Men with lower cholesterol are less likely than those with higher levels to develop high-grade prostate cancer - an aggressive form of the disease with a poorer prognosis, according to results of a Johns Hopkins collaborative study.
In a prospective study of more than 5,000 U.S. men, epidemiologists say they now have evidence that having lower levels of heart-clogging fat may cut a man's risk of this form of cancer by nearly 60 percent.
"For many reasons, we know that it's good to have a cholesterol level within the normal range," says Elizabeth Platz, Sc.D., M.P.H., associate professor at the Johns Hopkins Bloomberg School of Public Health and co-director of the cancer prevention and control program at the Johns Hopkins Kimmel Cancer Center. "Now, we have more evidence that among the benefits of low cholesterol may be a lower risk for potentially deadly prostate cancers."
Normal range is defined as less than 200 mg/dL (milligrams per deciliter of blood) of total cholesterol.
Platz and her colleagues found similar results in a study first published in 2008, and in 2006, she linked use of cholesterol-lowering statin drugs to lower risk of advanced prostate cancer.
For the current study, Platz, members of the Southwest Oncology Group, and other collaborators analyzed data from 5,586 men aged 55 and older enrolled in the Prostate Cancer Prevention Trial from 1993 to 1996. Some 1,251 men were diagnosed with prostate cancer during the study period.
Men with cholesterol levels lower than 200 mg/dL had a 59 percent lower risk of developing high-grade prostate cancers, which tend to grow and spread rapidly. High-grade cancers are identified by a pathological ranking called the Gleason score. Scores at the highest end of the scale, between eight and 10, indicate cancers considered the most worrisome to pathologists who examine samples of the diseased prostate under the microscope.
In Platz's study, cholesterol levels had no significant effect on the entire spectrum of prostate cancer incidence, only those that were high-grade, she says.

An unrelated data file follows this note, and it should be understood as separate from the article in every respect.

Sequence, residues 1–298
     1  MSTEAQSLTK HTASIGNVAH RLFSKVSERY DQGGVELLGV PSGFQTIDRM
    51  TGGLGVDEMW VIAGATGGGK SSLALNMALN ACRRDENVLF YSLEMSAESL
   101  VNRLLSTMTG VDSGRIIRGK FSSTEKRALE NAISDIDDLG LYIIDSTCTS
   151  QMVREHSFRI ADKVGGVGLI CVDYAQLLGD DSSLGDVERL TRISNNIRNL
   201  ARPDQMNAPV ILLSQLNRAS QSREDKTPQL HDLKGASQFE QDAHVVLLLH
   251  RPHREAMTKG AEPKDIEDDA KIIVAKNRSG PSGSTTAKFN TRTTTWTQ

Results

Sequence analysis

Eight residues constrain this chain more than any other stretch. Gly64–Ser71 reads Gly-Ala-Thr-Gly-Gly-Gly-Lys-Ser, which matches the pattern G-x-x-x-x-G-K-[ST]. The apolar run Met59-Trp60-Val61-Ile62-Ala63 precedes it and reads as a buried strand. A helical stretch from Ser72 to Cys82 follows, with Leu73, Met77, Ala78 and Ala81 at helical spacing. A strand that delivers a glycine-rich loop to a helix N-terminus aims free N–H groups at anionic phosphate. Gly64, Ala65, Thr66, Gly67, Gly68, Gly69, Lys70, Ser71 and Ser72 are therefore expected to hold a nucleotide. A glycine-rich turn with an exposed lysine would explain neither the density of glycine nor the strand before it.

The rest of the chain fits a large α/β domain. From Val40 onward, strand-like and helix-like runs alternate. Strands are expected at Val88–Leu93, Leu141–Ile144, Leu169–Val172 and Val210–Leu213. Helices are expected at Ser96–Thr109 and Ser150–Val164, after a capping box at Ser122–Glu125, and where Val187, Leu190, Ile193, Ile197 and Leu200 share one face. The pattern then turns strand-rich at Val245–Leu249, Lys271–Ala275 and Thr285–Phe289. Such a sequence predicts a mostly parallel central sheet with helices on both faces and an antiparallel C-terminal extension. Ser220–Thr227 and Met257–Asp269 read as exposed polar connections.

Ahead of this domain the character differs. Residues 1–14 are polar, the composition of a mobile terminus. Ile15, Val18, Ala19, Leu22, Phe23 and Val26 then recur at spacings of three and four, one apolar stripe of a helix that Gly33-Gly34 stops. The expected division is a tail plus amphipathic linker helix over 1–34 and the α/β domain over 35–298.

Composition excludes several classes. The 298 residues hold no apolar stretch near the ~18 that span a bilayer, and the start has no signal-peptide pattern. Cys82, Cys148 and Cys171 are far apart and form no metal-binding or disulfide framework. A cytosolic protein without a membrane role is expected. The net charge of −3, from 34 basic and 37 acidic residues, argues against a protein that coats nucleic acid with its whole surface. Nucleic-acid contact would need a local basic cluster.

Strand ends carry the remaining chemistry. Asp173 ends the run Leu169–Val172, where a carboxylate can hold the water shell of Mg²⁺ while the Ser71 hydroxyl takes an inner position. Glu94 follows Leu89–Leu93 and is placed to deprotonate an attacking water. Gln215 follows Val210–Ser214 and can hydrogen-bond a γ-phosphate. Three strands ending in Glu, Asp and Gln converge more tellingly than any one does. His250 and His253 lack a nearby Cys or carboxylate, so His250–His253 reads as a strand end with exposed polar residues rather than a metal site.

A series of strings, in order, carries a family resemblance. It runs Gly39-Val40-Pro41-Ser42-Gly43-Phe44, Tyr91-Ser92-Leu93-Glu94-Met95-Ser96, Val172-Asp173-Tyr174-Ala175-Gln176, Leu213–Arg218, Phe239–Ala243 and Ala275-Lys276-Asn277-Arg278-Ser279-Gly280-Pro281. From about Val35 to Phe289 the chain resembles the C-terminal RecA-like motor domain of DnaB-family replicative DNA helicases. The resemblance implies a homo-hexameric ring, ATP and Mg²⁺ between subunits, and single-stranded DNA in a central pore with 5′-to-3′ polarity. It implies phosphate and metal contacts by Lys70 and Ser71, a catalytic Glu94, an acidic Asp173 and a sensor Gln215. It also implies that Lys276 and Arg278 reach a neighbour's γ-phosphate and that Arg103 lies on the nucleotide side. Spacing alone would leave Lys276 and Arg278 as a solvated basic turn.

Platz cautions that, while the group took into account factors that could bias the results, such as smoking history, weight, family history of prostate cancer, and dietary cholesterol, other things could have affected their results. One example is whether men in the study were taking cholesterol-lowering drugs at the time of the blood collections, a data point the researchers expect to analyze soon.
Results of the current study are expected to be published online Nov. 3 in the journal Cancer Epidemiology, Biomarkers & Prevention. Also in the journal is an accompanying paper from the National Cancer Institute showing that lower cholesterol in men conferred a 15 percent decrease in overall cancer cases.
"Cholesterol may affect cancer cells at a level where it influences key signaling pathways controlling cell survival," says Platz. "Cancer cells use these survival pathways to evade the normal cycle of cell life and death."
She says that targeting cholesterol metabolism may be one route to treating and preventing the disease, but this remains to be tested.
Funding for the study was provided by the National Cancer Institute.
Authors of the study include Cathee Till, Phyllis J. Goodman, Marian L. Neuhouser and Alan R. Kristal from the Fred Hutchinson Cancer Research Center; Howard L. Parnes, William D. Figg, and Demetrius Albanes from the National Cancer Institute; Eric A. Klein from the Cleveland Clinic; and Ian M. Thompson Jr., from the University of Texas Health Sciences Center.
On the Web:
News release on statins and prostate cancer: http://www.
Cancer Epidemiology, Biomarkers & Prevention:
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